Students get behind-the-scenes look at sheriff’s office
Published 3:26 pm Wednesday, July 17, 2019
By Jenna Oden
The Sheriff’s Academy for Youth summer day camp is finishing off its second and final week of camp for the summer.
Campers get first-hand experiences and a behind-the-scenes look of what it’s like at the Troup County Sheriff’s Office.
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“This is a way for us to introduce kids to the duties and job responsibilities that we do,” said Sgt. Stewart Smith, who has worked the camp for almost a decade. “I get the fire department to come in and other agencies, and that way they can see what other agencies do. In the afternoons or mornings, we do a field trip.”
The camp has included field trips to Great Wolf Lodge, the Wild Animal Safari, to see a movie and to go skating.
“We show a mix of what law enforcement, public safety does, and also take the kids out for some added fun,” Smith said.
The first week of camp was for 9- and 10-year-old children, and the second week is for 11- and 12-year-olds. Smith said the camp is also an opportunity for young ages to see law enforcement in a different light.
“I think the kids that have never been through this before get a good respect of what we do as law enforcement officers,” Smith said. “They also see us as people, not just wearing the badge.”
Smith said the camp also allows young kids an opportunity to take part in new activities they may have never experienced.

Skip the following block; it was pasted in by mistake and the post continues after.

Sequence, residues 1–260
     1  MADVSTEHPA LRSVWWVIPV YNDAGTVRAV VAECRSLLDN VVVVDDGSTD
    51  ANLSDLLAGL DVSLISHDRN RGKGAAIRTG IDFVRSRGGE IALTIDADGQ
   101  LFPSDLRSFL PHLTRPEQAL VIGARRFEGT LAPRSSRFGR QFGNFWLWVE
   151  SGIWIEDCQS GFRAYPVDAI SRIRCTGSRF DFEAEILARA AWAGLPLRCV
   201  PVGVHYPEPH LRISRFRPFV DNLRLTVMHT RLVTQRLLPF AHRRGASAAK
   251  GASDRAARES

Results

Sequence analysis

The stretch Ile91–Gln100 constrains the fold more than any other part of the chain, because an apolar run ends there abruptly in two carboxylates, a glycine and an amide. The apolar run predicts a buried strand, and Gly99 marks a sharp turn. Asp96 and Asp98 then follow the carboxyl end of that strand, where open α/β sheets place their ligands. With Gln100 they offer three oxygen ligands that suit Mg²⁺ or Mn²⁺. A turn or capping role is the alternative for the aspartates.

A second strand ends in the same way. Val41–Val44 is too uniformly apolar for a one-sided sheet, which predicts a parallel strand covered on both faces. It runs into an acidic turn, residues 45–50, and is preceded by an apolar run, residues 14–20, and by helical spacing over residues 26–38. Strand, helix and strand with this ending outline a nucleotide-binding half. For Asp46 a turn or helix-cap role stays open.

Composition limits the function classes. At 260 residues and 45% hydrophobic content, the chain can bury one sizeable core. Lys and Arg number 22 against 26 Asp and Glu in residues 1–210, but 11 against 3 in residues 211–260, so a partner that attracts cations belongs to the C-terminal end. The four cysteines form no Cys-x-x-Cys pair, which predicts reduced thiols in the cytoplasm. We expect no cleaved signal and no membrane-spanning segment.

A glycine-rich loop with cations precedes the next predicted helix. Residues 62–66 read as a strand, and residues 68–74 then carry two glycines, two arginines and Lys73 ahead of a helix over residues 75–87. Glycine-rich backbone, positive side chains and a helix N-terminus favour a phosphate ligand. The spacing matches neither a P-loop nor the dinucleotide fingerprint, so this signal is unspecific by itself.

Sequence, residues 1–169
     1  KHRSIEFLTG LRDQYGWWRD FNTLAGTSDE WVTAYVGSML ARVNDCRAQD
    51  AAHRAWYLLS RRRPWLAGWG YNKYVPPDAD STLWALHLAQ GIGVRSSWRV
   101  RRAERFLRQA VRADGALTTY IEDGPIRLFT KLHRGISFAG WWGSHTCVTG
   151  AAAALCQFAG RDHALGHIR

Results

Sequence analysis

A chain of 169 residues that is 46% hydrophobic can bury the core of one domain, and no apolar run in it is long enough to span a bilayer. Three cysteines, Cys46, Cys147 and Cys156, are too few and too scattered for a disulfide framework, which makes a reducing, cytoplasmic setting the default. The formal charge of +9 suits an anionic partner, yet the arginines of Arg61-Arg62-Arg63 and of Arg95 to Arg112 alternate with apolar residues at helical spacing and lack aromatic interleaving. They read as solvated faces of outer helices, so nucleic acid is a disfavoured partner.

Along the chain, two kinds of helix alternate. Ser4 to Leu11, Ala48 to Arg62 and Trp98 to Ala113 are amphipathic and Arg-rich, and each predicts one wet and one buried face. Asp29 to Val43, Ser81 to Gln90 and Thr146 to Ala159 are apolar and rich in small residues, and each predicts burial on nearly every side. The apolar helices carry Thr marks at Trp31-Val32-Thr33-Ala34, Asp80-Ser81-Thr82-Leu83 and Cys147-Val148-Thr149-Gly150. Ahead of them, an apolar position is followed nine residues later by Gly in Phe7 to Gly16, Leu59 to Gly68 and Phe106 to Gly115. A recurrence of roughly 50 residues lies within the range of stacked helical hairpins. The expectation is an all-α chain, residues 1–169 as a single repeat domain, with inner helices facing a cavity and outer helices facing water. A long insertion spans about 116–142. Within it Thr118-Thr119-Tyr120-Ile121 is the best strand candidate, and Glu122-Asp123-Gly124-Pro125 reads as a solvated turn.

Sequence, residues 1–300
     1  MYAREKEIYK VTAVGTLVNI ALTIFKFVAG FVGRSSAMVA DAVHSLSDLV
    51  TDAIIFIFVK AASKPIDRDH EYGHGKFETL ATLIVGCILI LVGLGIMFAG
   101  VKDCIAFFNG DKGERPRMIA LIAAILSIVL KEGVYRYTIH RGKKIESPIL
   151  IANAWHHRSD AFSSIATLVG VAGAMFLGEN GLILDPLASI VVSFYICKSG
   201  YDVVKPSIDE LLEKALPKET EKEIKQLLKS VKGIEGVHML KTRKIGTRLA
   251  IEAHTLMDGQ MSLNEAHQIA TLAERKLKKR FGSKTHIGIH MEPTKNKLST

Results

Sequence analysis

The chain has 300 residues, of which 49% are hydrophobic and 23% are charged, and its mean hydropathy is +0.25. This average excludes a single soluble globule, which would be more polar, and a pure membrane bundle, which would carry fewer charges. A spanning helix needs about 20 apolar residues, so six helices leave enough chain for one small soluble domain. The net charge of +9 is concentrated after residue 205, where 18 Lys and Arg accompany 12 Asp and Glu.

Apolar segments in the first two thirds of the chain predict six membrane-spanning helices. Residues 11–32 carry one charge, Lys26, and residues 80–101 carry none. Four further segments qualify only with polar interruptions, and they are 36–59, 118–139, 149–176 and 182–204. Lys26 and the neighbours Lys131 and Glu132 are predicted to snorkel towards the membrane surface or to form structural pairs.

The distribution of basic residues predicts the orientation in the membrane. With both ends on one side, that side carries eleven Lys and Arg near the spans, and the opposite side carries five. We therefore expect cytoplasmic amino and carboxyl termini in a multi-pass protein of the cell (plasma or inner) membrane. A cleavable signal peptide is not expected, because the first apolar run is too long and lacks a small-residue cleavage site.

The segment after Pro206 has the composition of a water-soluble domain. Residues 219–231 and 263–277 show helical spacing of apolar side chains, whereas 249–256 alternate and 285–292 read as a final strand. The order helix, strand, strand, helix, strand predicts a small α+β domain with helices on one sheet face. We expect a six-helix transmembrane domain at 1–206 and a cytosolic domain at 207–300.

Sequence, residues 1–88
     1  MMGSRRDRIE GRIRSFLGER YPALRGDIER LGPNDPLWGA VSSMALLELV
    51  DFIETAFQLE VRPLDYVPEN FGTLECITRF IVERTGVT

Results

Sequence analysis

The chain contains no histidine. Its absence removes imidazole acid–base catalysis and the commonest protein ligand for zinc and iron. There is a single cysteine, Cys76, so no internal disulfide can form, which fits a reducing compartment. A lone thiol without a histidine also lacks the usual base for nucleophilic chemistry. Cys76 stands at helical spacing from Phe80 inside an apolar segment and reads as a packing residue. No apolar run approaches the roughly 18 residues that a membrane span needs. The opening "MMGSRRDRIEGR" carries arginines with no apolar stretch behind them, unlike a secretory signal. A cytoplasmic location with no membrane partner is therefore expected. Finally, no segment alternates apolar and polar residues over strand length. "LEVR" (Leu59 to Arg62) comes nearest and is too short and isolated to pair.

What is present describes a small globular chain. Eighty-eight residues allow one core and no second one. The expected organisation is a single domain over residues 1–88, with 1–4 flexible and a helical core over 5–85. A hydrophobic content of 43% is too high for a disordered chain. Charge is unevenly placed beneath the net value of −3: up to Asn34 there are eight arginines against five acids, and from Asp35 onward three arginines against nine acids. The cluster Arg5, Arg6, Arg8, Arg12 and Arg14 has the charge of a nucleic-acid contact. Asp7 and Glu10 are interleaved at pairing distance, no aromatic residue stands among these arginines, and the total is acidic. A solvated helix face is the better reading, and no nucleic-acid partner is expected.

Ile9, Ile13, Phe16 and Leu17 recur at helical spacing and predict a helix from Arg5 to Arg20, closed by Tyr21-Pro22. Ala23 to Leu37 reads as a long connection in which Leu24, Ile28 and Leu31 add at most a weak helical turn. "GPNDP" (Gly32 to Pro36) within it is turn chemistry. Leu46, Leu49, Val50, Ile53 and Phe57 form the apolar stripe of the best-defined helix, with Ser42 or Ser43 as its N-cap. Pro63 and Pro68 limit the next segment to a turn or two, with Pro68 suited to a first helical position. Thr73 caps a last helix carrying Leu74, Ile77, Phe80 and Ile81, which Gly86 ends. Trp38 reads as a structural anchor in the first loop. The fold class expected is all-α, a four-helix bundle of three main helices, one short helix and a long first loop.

“It takes a week out of their summer to have some fun, get to meet some good friends and for us to have an impact on some of these kids in a positive light,” he said.
On Tuesday, Smith’s group visited the jail and saw the booking process and how inmates live.
“I try and show them every division that we have,” Smith said. “We’ve done our patrol division, our K-9 division, narcotics and investigations. The jail division is a huge division in our agency, and a lot of kids have never seen a jail… It is not a scared straight program or anything, but it gives them a chance to see what we do on a day-to-day basis.”
More than 20 preteens were able to walk the halls and ask questions about each part of the jail, and even experience what it is like to get booked.
“It takes a team of people to put this together,” Smith said. “This year has been one of our more successful years with a lot of great kids and adults.”